The wait for a meaningful rally in the gold price may soon be over. In this commentary we’ll discuss the latest technical improvements in the precious metals arena, including the sudden liveliness displayed by the leading gold mining stocks. I’ll argue that the fuse for a worthwhile short-covering rally was lit this earlier week and will ignite a rally if gold’s currency component shows any additional weakness in the next couple of days.
Gold’s fortunes have improved drastically in the last three trading sessions. After threatening to probe its August low, the gold price rallied sharply on Wednesday and is back above its technically significant 15-day moving average as of Sept. 13. Although the December gold futures price pulled back 0.37% on Thursday, it stopped short of violating the 15-day MA as can be seen here. The most important takeaway from gold’s performance in the last three days is that the bulls are finally showing some spunk and are clearly trying to gain control of its immediate-term (1-4 week) trend.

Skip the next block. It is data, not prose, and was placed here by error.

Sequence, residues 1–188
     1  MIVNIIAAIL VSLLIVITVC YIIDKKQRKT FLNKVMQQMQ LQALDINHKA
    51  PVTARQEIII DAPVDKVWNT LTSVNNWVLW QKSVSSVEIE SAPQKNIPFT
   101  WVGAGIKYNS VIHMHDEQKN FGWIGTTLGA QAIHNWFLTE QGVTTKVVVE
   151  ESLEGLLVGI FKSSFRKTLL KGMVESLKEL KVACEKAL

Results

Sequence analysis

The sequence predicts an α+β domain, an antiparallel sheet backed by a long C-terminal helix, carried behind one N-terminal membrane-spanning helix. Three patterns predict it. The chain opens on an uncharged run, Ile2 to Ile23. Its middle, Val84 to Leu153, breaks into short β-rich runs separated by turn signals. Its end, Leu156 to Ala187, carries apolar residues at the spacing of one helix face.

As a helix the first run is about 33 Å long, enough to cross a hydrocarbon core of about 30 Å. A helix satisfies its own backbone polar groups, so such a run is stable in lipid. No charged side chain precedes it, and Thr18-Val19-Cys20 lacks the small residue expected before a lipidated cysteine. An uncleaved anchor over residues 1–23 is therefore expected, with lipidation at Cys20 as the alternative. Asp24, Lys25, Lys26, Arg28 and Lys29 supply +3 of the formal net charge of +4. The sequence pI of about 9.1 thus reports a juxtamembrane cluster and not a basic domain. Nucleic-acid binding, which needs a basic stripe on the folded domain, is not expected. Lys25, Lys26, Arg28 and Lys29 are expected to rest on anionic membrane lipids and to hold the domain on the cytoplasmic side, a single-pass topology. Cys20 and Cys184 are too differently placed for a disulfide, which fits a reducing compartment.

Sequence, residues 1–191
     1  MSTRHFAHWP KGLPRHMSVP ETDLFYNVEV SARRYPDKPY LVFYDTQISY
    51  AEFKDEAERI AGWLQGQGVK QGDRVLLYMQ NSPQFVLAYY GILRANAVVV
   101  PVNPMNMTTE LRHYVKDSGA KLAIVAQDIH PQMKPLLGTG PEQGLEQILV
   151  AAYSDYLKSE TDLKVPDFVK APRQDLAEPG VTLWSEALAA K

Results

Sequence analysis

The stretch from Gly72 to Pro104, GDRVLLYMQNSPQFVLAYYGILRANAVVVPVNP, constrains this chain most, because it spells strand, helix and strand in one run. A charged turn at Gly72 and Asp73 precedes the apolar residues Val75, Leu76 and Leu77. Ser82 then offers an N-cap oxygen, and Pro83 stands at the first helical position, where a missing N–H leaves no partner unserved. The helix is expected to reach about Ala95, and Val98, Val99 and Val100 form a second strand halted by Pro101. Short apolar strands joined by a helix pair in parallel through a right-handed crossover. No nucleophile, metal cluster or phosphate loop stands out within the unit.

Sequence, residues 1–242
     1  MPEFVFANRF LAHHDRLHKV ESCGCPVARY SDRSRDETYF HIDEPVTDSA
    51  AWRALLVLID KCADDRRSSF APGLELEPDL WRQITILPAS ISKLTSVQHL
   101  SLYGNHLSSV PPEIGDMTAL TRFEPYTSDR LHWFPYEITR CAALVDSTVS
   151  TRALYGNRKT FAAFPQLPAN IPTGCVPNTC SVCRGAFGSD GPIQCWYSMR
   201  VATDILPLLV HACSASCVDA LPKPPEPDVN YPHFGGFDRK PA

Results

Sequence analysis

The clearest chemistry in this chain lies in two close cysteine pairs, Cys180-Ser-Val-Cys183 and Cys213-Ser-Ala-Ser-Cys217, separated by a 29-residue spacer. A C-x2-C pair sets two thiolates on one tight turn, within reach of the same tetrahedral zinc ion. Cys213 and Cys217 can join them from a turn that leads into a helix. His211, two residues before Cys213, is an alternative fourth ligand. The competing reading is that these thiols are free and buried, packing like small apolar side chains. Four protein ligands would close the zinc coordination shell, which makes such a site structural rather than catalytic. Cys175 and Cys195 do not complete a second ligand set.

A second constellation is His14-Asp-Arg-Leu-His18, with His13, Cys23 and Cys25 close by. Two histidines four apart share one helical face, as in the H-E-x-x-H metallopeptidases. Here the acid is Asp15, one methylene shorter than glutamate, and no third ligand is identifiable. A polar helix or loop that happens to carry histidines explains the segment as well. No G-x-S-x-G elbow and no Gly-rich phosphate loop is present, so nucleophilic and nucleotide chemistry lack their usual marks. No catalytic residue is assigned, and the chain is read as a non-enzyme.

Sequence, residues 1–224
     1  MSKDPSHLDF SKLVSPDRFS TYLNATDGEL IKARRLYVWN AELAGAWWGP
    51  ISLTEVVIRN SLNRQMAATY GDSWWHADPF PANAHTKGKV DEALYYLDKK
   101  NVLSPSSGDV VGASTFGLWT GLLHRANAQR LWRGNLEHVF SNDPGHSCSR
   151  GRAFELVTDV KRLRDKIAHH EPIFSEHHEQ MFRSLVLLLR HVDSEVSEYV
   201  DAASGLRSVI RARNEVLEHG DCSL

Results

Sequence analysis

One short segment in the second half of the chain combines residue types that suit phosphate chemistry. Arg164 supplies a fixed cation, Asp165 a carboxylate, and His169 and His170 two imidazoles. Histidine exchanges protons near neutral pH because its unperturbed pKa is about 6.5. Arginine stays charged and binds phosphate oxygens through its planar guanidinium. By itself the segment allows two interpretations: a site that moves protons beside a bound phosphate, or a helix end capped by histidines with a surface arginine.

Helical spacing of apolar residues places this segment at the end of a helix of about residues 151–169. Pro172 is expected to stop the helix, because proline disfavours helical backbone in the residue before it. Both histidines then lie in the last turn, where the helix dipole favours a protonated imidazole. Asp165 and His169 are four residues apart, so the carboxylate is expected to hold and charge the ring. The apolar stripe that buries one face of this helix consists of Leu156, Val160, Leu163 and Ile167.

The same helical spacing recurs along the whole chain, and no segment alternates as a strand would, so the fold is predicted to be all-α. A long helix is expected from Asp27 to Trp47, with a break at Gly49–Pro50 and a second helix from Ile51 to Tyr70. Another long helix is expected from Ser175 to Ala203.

According to the rules of the trading discipline I employ in this report, an immediate-term bottom is established when the gold price closes two days higher above its 15-day moving average without reversing this signal on the all-important follow-through day. Amazingly, the gold price has been unable to accomplish this simple act since April.
Gold’s failure to confirm an immediate-term bottom in the last five months is a testament to the stubborn strength of the U.S. dollar index (DXY) during this time. It has been my contention that a sustainable rally in the gold price isn’t possible without significant deterioration in the value of the dollar index. To that end, we’ve been focusing on the relationship of the DXY price line with the 50-day moving average in recent reports. The 50-day MA is a meaningful trend line by virtue of its being so widely watched by traders, both on the institutional and retail levels.